Loan to Value (LTV) might seem like Mortgage jargon or an industry insider secret to some people. However, it shouldn't be the case as understanding how LTV works and how it can impact your mortgage repayments can give you an upper hand over the banks when you apply for your Mortgage.
By the end of this insight, you will have a better understanding of Loan to Value, how it works, and how it can help you save money on your Mortgage. With this knowledge, you can confidently navigate through the Mortgage application process and make informed decisions to save you money in the long run.
Loan to Value, often abbreviated to 'LTV', is a ratio used to express the percentage of borrowing against the value of a property. This is the main ratio that is used with Mortgage borrowing.
Loan to Value (LTV) impacts mortgage repayments because it determines the interest rate you'll pay. The lower your LTV ratio, the better interest rate terms you'll receive, potentially resulting in savings on your repayments.
To calculate your Loan to Value, you need to know the two variables.
You are then able to divide the outstanding mortgage amount by the property value. The value you are left with represents how much debt is secured against every £1. To express this ratio as a percentage, multiply by 100.
If you have a Mortgage of £200,000 and a property value of £300,000, your Loan to Value will be calculated as follows:
£200,000/£300,000=0.667*100 = 66% LTV.
If you have a Mortgage of £200,000 and your property is valued at £190,000. Unfortunately, you are in 'negative equity' and your LTV is as follows:
£200,000/£190,000=1.05*100 = 105% LTV.
Negative equity occurs when your Loan amount exceeds the value of your property. This can occur if property prices fall.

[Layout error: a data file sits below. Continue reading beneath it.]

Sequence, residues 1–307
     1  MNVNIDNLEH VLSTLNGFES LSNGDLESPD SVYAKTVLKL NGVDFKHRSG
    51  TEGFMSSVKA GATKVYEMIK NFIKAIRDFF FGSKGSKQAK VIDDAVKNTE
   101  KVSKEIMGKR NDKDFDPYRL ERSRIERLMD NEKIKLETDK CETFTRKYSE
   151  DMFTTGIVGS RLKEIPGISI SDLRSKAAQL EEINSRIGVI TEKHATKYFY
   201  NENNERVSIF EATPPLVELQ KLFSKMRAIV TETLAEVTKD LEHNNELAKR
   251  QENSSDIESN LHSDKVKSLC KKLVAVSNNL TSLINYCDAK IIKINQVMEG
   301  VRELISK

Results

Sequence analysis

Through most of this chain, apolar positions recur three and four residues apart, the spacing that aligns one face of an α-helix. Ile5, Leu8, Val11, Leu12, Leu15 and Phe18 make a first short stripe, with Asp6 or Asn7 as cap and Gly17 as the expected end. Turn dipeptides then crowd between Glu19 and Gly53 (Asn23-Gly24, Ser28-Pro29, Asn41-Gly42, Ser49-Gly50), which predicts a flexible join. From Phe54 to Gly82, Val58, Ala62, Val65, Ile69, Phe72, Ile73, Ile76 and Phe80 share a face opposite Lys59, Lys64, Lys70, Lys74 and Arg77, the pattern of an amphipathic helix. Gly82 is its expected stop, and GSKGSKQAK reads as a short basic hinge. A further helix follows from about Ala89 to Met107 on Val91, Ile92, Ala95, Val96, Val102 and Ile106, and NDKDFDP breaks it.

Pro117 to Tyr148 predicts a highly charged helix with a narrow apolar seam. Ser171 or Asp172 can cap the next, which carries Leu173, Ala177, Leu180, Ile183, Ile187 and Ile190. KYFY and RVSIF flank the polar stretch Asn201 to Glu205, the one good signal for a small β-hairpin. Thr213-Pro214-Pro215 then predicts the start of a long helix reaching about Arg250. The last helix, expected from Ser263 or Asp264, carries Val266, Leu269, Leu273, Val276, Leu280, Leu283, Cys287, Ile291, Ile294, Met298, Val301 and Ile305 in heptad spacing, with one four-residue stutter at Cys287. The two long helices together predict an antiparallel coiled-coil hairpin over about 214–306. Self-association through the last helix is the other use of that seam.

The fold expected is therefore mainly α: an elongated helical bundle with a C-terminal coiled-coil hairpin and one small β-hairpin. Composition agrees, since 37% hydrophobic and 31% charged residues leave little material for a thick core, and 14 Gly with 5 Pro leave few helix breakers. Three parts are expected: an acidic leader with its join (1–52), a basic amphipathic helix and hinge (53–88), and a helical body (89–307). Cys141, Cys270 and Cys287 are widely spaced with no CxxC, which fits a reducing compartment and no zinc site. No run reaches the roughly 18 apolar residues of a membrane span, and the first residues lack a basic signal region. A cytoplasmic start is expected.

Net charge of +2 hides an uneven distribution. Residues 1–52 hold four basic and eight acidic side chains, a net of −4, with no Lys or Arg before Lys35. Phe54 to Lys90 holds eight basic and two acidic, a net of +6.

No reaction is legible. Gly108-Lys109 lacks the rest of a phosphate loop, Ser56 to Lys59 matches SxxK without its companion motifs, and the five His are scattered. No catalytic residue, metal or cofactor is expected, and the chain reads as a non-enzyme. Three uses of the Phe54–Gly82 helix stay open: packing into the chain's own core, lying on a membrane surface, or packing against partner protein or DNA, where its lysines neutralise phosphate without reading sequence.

|Mortgage Amount||Property Value||LTV Calculation||LTV Percentage|
|£100,000||£150,000||£100,000/£150,000 x 100||67%|
|£150,000||£200,000||£150,000/£200,000 x 100||75%|
|£200,000||£250,000||£200,000/£250,000 x 100||80%|
|£250,000||£300,000||£250,000/£300,000 x 100||83%|
There are two reasons why Loan to Value (LTV) can change:
House prices are always changing, which means that your Loan to Value ratio can fluctuate as well. Without an official property valuation, you may have to rely on local agent estimates, which can be provided online based on recent sales data of similar sized properties in your area.
Online estimates of your property's value are not official valuations, but can give you an idea of your Loan to Value. Discuss these estimates with your adviser before submitting your mortgage application.
Mortgage interest accrues daily or monthly. When you make a repayment, you back part of the loan. The Interest that accrues on your Mortgage and your monthly repayments cause the outstanding figure to change daily.
For an estimation of your Loan to Value figure, you can use your Mortgage lender's app, which updates figures at least twice monthly. To obtain an exact figure, a redemption statement from your lender is required.
Lenders want to be sure they can sell your property for enough money to repay the debt if they ever have to repossess it. This is why it is preferred that borrowers put down a higher deposit, or have a lower Loan to Value.
By putting down a higher deposit or having a lower Loan to Value, you reduce the risk for the lenders who are investing in your property. This means that they have a higher chance of getting back the money they lent to you, even if they need to repossess your property.